How fast will seas rise? A dying Greenland glacier holds clues

This summer, as meltwater streamed off the Greenland Ice Sheet in record amounts, a ramshackle research ship, the Adolf Jensen, sat idling in this fjord, icebergs near its bow and a mystery below it. Two years earlier, oceanographers had moored a sensor in the fjord’s depths to decipher how warm Atlantic Ocean waters are eroding Helheim Glacier, one of the ice sheet’s largest tongues. But now they couldn’t retrieve the 500-meter-deep mooring—or its crucial data


Bias in energy system models with uniform cost of capital assumption

Several studies have recently evaluated the feasibility of 100% renewable energy-based energy systems in different world regions. In a recent article, Bogdanov et al. contribute to this literature, by using an energy system model that takes into account the unique conditions of 145 global subregions, including factors such as renewable energy (RE) resource conditions, structure and age of existing capacities, demand patterns, etc. Based on their results, they discuss transition pathways and calculate the 2050 levelized cost of electricity generation (LCOE) of 100% RE-based energy systems in those 145 subregions.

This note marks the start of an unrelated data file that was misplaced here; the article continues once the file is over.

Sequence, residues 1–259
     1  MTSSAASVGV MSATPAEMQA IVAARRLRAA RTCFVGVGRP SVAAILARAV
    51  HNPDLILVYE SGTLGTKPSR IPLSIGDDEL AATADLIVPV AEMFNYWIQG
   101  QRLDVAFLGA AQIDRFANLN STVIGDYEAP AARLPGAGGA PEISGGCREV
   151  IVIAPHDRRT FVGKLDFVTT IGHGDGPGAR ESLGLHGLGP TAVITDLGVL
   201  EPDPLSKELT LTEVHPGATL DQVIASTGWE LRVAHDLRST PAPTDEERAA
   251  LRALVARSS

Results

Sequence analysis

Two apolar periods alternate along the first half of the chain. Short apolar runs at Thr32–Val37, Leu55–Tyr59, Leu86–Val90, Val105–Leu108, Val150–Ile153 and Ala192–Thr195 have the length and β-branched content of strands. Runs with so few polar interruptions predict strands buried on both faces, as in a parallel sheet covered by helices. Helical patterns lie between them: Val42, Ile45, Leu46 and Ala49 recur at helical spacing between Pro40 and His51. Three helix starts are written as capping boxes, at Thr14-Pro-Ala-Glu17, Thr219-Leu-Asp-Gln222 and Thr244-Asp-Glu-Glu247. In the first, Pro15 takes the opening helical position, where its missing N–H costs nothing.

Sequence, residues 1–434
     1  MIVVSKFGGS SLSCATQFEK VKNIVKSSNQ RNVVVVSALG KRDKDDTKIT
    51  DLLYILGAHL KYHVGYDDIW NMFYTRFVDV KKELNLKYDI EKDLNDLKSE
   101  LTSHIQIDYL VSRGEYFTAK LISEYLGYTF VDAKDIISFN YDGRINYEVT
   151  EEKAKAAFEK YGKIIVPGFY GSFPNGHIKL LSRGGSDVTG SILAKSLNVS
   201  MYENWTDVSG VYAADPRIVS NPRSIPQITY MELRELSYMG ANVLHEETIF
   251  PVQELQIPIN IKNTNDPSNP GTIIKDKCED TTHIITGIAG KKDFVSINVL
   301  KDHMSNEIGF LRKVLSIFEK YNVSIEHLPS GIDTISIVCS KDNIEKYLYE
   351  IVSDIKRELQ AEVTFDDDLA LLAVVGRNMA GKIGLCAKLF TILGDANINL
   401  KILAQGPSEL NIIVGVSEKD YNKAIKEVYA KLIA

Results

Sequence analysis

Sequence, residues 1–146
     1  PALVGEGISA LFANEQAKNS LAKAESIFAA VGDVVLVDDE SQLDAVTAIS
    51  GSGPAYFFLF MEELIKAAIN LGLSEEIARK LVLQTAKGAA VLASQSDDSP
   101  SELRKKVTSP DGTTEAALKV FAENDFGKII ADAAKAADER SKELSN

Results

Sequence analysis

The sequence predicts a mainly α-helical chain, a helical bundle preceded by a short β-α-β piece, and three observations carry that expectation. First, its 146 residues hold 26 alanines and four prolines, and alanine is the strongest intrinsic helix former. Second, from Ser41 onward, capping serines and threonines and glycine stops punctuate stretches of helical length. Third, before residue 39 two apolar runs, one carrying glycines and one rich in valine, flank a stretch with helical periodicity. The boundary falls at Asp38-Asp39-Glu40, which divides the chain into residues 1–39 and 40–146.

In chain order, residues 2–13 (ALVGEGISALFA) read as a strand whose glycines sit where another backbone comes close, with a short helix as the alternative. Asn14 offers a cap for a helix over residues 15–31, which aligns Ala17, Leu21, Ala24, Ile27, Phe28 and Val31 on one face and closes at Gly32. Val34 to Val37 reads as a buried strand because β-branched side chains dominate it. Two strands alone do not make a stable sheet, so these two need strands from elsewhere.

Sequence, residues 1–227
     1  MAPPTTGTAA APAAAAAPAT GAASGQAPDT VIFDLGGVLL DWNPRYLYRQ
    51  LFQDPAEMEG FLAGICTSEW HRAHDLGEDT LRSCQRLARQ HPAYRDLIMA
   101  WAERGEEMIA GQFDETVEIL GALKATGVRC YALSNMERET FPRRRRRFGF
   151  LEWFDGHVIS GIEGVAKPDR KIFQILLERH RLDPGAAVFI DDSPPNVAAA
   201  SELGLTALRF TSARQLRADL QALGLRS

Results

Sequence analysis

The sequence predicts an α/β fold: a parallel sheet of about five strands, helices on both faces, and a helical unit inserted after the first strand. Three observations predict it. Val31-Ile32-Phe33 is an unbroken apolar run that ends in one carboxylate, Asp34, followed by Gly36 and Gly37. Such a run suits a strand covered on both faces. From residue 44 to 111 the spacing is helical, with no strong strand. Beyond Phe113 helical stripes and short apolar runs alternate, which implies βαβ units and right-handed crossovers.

Global ocean methane emissions dominated by shallow coastal waters

Oceanic emissions represent a highly uncertain term in the natural atmospheric methane (CH4) budget, due to the sparse sampling of dissolved CH4 in the marine environment. Here we overcome this limitation by training machine-learning models to map the surface distribution of methane disequilibrium (∆CH4). Our approach yields a global diffusive CH4 flux of 2–6TgCH4yr−1 from the ocean to the atmosphere, after propagating uncertainties in ∆CH4 and gas transfer velocity.